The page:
At baseline we found a mean CFD plasma concentration of 2.09± 1.43 µg/ml. This is in between the median values of 2.31µg/ml for AMD subjects and 2.08 µg/ml in controls as recently reported by others using the same ELISA kit [21]. Using a different kit to determine CFD, two other studies found somewhat lower values: 1.26 µg/ml for AMD subjects and 0.95 µg/ml for controls [18] and 1.50 µg/ml for AMD subjects and 1.16 µg/ml for controls [22]. The mean C5a concentration at baseline was 2.21ng/ml in this study. This is in between the median values of 1.85ng/ml and 4.28 ng/m in AMD subjects and 1.67 ng/ml and 4.06 ng/ml in controls as recently reported by others using a different kit [18,22]. The mean C3d concentration at baseline was 15.4µg/ml in our study. This is lower than median values of 55.2 µg/ml and 40.7 µg/ml in AMD subjects and 46.9 ng/ml and 35.8 µg/ml in controls as recently reported by others using a different kit [18,22]. Note that these studies all showed raised levels of the complement factors in AMD subjects as compared to controls pointing to a role in AMD pathogenesis.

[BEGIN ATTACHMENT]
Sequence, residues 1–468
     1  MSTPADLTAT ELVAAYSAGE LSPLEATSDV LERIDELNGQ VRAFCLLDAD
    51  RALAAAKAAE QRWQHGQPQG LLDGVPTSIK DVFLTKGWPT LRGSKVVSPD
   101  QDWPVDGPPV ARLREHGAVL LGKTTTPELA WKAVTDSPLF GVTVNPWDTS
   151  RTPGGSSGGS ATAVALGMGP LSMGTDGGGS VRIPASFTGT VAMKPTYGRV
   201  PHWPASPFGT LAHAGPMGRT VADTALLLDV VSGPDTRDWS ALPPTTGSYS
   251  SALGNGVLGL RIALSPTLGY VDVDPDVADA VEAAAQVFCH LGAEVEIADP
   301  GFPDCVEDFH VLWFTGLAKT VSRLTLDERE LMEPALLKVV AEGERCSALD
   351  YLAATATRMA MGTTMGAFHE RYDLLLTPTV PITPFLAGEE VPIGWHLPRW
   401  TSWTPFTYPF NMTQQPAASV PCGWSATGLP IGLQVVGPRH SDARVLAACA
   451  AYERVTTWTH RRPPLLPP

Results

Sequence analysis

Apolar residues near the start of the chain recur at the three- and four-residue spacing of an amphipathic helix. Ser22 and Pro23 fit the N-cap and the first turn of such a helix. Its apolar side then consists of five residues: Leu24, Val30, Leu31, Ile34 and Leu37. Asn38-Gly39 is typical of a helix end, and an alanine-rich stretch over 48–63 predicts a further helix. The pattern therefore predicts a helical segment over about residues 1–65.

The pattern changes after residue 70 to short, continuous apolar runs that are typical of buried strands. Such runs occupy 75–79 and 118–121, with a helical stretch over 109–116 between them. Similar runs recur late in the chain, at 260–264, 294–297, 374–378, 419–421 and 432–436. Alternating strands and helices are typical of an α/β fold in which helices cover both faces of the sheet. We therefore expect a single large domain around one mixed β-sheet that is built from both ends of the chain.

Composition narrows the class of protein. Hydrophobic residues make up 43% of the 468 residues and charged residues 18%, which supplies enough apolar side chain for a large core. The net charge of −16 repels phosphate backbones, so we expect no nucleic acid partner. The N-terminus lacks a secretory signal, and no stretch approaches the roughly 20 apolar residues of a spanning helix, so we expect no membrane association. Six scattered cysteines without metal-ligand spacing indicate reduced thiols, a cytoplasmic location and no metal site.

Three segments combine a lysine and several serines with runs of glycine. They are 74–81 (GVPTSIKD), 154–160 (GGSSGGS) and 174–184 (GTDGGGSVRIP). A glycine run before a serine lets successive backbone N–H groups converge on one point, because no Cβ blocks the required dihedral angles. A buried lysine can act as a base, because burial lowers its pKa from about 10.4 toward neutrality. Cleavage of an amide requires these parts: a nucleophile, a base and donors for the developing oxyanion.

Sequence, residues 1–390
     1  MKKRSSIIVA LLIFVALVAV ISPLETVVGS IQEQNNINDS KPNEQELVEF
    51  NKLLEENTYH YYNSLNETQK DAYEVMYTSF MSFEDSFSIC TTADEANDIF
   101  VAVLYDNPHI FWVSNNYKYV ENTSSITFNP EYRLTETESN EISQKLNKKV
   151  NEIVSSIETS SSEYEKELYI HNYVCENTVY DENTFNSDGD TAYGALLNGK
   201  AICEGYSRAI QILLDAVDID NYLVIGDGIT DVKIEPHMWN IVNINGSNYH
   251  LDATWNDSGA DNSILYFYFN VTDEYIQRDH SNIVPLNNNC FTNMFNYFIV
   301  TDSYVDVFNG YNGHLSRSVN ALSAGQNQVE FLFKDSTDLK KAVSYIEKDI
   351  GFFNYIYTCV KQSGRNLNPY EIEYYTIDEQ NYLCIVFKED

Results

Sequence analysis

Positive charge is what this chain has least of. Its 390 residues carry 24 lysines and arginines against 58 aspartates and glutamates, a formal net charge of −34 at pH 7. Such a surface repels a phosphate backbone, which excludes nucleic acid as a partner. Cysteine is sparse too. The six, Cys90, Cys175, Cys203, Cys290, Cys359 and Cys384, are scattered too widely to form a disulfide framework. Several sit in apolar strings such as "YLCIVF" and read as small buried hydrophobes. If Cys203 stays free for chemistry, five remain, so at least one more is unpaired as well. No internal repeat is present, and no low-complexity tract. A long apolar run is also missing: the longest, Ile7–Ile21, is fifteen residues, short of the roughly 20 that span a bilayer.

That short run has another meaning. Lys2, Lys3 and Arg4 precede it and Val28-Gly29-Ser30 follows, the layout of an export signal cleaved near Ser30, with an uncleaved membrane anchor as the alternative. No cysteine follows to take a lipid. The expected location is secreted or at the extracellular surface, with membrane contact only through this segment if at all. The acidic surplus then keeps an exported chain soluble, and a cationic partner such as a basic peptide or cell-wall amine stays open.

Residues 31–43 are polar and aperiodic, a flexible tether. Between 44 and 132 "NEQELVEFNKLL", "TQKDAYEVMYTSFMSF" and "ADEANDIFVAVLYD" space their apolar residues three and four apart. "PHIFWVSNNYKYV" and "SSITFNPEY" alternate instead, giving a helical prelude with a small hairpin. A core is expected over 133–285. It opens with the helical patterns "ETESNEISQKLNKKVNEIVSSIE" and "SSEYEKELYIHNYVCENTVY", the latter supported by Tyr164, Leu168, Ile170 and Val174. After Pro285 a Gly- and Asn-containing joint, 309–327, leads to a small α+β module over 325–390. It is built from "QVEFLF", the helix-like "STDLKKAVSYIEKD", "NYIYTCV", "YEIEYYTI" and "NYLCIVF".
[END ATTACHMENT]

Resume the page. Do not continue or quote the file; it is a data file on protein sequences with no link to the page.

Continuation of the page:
A deregulated control of the alternative pathway of the complement system has been shown to play an important role in the pathogenesis of AMD [17]. CFD is a key enzyme in this pathway, resulting in the assembly of the alternative pathway C3 convertase and controlling the subsequent steps leading to important inflammatory activation products such as C3a and C5a [26,27]. CFD is the rate limiting enzyme in the activation sequence of the alternative pathway and its level in blood are quite low. The limitation is overcome at 9-10 times the normal physiological level [28]. Small alterations of the CFD level will thus have profound effects on the activation of the alternative pathway of complement. In this study we found a 51% decrease in CFD and an accompanying 36% decrease in C5a, in accordance with this concept. It was further confirmed by the fact that we found a positive correlation (r=0.37, p=0.004) between the change in CFD and the change in C5a (see Figure 2) and the fact that a LMM analysis showed a significant association between plasma CFD and C5a concentration (β=0.090, p=0.006). C3d only showed a small but significant 9% decrease, and the association with CFD changes was less clear. This may be due to the fact that C3d,which is formed following decay of C3b, is mainly present on the activating surface and only small amounts are generated in the fluid phase.